Tax Implications of Upcoming Supreme Court Vote On ACA

Judge's Supreme Court gavel with law books

This fall, the Supreme Court of the United States will hear arguments regarding the legality of the Affordable Care Act (ACA). They will most likely announce their decision in 2021. If the law is declared unconstitutional, refunds for taxes paid related to the ACA legislation may be available. These taxes include the Additional Medicare Tax (0.9%) and the Net Investment Tax (NIIT) (3.8%), which are assessed for high-income taxpayers whose income exceeds certain thresholds.

Though the likelihood of the ACA being overturned is considered low, we recommend that you consult with your tax professional on this topic. They will determine if you would be eligible for a refund, and if so, assess what the best course of action is, based on your specific situation. Some CPA firms are filing a protective claim letter on behalf of their clients, others are preparing amended returns, while other tax professionals recommend taking no action at this time. It is possible that even if the ACA is overturned, the IRS would not refund ACA tax retroactively.

Protective claims are not available for tax years 2015 and earlier, as the three-year statute of limitations has passed. Taxpayers who filed their 2016 tax returns on the October 15, 2017 deadline (through an extension) will have until October 15, 2020 (or 3 years from the date they filed, if earlier than October 15) to file a protective claim for a refund of the 2016 taxes related to the ACA.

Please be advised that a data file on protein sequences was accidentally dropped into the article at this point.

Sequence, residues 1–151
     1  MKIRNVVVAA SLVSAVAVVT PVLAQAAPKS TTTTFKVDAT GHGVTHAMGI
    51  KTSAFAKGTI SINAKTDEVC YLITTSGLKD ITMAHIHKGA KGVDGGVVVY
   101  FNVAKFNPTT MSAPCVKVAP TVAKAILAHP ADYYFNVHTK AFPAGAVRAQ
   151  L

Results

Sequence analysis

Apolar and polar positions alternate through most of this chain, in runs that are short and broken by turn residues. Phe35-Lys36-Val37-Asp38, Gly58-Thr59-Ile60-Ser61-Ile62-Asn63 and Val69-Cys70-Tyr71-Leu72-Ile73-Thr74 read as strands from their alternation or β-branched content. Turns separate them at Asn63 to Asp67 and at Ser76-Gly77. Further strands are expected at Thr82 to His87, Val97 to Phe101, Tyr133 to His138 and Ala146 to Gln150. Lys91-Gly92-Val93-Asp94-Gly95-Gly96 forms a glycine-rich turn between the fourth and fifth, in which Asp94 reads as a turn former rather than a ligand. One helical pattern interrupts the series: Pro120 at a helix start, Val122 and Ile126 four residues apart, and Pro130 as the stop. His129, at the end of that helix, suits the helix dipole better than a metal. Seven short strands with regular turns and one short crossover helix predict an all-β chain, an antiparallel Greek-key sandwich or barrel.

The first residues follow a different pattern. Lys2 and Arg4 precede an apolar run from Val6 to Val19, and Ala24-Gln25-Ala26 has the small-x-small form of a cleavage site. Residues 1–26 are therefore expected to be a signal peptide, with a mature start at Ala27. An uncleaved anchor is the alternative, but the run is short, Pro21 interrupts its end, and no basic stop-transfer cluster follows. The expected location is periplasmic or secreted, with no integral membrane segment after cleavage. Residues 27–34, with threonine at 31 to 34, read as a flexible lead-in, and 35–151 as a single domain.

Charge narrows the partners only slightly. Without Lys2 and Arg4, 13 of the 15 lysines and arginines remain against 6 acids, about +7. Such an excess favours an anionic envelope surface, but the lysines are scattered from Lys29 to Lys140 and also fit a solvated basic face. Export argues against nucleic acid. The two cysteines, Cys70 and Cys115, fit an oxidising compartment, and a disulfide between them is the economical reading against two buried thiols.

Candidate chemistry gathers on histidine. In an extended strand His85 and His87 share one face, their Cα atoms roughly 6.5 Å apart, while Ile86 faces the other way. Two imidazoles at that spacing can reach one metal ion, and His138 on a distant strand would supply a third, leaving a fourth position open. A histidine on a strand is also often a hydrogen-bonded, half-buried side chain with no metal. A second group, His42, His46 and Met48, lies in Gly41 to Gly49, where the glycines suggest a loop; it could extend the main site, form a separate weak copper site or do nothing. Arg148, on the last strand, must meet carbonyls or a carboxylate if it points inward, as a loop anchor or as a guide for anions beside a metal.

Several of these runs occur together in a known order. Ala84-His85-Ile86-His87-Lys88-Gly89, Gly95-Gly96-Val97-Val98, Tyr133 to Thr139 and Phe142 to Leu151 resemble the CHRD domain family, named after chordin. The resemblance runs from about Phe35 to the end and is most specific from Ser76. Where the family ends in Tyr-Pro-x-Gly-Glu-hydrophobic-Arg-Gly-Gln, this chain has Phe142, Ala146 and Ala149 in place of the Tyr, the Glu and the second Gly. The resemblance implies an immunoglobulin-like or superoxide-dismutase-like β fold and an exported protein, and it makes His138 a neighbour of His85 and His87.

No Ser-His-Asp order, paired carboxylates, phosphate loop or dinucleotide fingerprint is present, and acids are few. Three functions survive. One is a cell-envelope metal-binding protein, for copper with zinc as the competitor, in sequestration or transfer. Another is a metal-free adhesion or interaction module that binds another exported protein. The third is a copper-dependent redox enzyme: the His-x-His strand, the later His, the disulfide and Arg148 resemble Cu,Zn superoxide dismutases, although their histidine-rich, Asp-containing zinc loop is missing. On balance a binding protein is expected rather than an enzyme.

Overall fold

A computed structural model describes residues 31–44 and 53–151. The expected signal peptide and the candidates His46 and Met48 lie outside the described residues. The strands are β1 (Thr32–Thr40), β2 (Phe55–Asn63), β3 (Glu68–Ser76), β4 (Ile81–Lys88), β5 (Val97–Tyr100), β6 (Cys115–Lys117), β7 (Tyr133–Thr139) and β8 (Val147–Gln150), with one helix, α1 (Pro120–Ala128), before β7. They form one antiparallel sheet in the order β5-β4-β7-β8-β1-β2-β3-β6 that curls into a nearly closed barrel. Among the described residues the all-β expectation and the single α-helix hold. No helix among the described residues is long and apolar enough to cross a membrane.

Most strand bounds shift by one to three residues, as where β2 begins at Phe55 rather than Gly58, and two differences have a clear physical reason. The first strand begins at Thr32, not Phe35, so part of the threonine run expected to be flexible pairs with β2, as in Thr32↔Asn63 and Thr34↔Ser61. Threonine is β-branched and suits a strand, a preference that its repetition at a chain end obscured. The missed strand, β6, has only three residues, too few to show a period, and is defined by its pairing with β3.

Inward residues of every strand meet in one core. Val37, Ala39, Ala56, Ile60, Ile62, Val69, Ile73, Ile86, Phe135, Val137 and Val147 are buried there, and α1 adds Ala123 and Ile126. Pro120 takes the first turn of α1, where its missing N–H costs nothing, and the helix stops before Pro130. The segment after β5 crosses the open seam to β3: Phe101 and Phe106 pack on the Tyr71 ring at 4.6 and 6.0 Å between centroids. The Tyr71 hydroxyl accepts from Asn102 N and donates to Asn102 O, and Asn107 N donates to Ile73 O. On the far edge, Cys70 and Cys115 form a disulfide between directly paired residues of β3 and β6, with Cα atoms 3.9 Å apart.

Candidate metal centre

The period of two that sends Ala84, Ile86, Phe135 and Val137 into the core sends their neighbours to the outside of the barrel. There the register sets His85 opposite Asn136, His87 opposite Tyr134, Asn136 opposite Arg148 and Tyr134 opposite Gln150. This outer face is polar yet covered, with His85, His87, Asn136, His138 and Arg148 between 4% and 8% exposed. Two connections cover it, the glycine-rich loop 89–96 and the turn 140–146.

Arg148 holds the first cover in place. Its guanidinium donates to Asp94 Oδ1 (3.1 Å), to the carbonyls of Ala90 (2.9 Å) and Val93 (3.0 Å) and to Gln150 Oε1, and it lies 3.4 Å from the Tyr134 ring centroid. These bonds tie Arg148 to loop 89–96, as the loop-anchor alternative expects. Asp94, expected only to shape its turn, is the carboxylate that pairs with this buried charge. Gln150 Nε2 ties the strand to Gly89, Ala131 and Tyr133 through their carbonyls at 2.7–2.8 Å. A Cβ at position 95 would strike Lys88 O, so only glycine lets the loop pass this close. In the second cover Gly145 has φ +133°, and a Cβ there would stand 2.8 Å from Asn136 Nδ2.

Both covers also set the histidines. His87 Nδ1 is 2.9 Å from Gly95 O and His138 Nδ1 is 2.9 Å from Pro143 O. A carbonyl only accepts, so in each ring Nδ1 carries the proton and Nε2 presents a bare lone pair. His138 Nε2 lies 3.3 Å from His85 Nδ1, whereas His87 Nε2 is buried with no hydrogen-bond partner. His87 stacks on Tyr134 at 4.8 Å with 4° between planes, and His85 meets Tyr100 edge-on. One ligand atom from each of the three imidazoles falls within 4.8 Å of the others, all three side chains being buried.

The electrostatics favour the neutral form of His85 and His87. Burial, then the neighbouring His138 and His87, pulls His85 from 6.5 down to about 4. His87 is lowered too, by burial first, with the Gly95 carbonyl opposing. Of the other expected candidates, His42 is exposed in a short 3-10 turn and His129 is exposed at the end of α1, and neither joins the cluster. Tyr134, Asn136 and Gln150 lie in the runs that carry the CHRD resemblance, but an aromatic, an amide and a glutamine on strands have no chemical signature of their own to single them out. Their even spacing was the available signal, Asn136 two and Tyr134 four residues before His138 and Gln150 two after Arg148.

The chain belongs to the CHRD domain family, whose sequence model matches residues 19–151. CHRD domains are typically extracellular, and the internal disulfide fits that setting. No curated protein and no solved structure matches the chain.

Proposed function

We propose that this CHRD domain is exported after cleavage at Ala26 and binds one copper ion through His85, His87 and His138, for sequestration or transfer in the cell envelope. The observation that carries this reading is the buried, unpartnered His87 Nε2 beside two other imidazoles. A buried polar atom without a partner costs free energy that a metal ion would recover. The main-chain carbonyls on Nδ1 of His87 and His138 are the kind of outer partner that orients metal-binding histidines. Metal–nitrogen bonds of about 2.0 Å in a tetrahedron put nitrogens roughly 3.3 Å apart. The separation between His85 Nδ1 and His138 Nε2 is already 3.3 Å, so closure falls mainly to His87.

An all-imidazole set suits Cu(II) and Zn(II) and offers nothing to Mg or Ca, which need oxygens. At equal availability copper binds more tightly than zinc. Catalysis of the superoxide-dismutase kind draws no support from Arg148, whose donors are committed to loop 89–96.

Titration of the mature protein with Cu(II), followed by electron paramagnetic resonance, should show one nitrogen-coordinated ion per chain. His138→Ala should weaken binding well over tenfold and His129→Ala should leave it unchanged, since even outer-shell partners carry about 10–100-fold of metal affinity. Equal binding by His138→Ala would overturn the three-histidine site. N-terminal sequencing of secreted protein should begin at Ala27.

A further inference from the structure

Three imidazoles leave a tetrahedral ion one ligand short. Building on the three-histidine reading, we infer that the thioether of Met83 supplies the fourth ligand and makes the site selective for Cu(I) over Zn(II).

Given that the Supreme Court decision is not likely to be handed down before October 15, some CPAs advise that filing a protective claim letter would be sufficient to hold your claim to a 2016 refund, rather than amending your tax return at this time. However, other CPA firms recommend amending your returns now.  These firms feel that an amended return (Form 1040-X) creates a better likelihood for a refund, compared to the protective claim letter.

Additional guidance from the IRS is available here.  The July 15 references are applicable to taxpayers who filed their 2016 returns between July 15, 2017 and October 15, 2017 even though the site has not been updated.

For the 2017 tax year, if you filed by April 15, 2018, you would have until April 15, 2021 to file a protective claim to preserve a potential 2017 tax refund.

Because each situation is unique, we suggest you contact your tax professional for specific guidance.  Please contact a member of your JDJ team with any questions.